A fast carry however is a parallel circuit.

This is one thing with HDL’s that doesn’t seem to be well understood by a lot of newcomers because the manufacturers skew the metrics in an attempt to make their product look better and this only creates confusion especially with less understood aspects.

There are different specs for different limitations.

Max Freq – is just like any other chip – the speed you can go before the chip melts etc.

Clock domain – A fantastic invention by manufacturers to force you to think about what is happening with signal delays. I say invention because these exist anyway but by tightly coupling a bus to a specification the manufacture is saving you some brain hurt and at the same time giving you a big about *why* your implementation didn’t work.

now delays – most of them don’t matter in a common signal (data) processing system. If signals get delayed then you can just delay the clocks to compensate and here is the problem for newbies – if you don’t code this correctly then the synthesizer will just optimize it out.

For most (or common) systems the only real problem is the length of the feedback paths.

“The width or fanout doesn’t matter at all as it doesn’t add to the delay.”

Uh… what?

This is totally wrong. The fanout of a signal absolutely adds to the *routing* delay, although not the logic delay. This depends on how dense the design is and the design of the FPGA, and it doesn’t go linear with fanout. But fanout is absolutely something you have to consider.

Ah, this is what I meant.

Fanout is parallelism and is non-accumulative. The depth of registers is serialism and the delay is lot only larger than a single fannaout – it is also accumulative.

The total fanout is simply the worst link that is in parallel and will be very small in any case because it is mostly just a conductor path.

A single registers however has far greater delay because it to is a rout to get there so it has the same delay as *a* fanout. On top of that is that the register itself is not just a conductor, it has complex silicon paths that add far greater delays than a rout or fanout. And on top of that again is that it is a serial path so *every* serial stage adds to the total delay of the signal.

You seem to want to separate “routing” delays and “logic” delays and this is a bit of a fallacy for a couple of reasons.

Firstly *real* routing delays are the result of electrons traveling along conductive paths at dam near the speed of light. It’s not even worth considering these because the delay that results from parasitic capacitance in silicon junction is many orders higher making the delays that come from something traveling close to the speed of light insignificant.

*What* you are calling fanout routing delays are actually the delays that come from the config bits using silicon for path selection (what you programmer) it has the same issue with parasitic capacitance but only one instance of this unlike a register that has many instances of this. Apart from that, a parallel fanouts total delay will only be the worst of all of these single instances.

For comparison a single register adds may instances of these for a single register and for each consecutive register you add another collection of these instances again and again. It is that last type of delay that will kill a design or cause it to be limited in speed or throughput but not simply because of the *forward* delay.

For example you may have HDMI in and HDMI out and a black box in the middle that introduces a delay. This can be totally fine even with long delays as long as the delays are the same so the output HDMI still follows specification.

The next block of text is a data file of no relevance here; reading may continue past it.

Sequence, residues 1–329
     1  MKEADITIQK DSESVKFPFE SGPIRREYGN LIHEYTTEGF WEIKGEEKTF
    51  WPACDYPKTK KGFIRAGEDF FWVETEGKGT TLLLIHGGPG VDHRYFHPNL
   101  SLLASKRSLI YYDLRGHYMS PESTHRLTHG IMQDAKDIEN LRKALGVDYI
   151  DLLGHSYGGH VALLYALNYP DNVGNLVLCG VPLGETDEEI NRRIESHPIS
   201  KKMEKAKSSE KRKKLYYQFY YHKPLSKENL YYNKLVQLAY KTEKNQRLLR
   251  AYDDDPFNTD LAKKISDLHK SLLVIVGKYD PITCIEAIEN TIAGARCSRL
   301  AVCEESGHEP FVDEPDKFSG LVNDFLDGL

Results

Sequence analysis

On the other hand you may have a feedback path to a much earlier signal stage register. Quite simply – if the delay is too great and the feedback signal isn’t getting to the register before the register clocks in data then the system fails. This is why manufacturers want us to think and design in clock/signal domains – there software is poor at calculating these delays accurately. And … like I said … these things are not that well understood.

No, what I’m calling routing delays are what the implementation and synthesis tools call routing delays. Logic delays are just the spec sheet parameters for passage through a given FPGA element.

Logic delays are a feature of the HDL after synthesis – they can be figured out at synthesis time pretty much exactly. Route delays are a feature of the FPGA.

On a more fundamental level:

“*real* routing delays are the result of electrons traveling along conductive paths at dam near the speed of light.”

This is wrong. First, electrons don’t actually move fast at all. The electric field does. And saying “oh, it’s the capacitance that causes it to slow down, not the distance” is just silly. There’s not much difference between parasitic capacitance and excess distance – that’s why the “electrical length” term exists.

Quote: “No, what I’m calling routing delays are what the implementation and synthesis tools call routing delays. Logic delays are just the spec sheet parameters for passage through a given FPGA element. Logic delays are a feature of the HDL after synthesis – they can be figured out at synthesis time pretty much exactly. Route delays are a feature of the FPGA”

Exactly as I said – manufacturers skew metric so their product *looks* better and in the process confuses EE’s. Everything you mentioned above is information given to you by your chosen manufacturer and *absolutely none* of it relates to the actual technology from an independent view point!!!!

On a more fundamental level:

indeed – on a more fundamental level if you think rout delays are nothing compared to Cob or Cbe then you should have been designing semiconductors for the last 40 years you would have made an absolute killing because *even this very day* it’s a huge issue that has not been solved.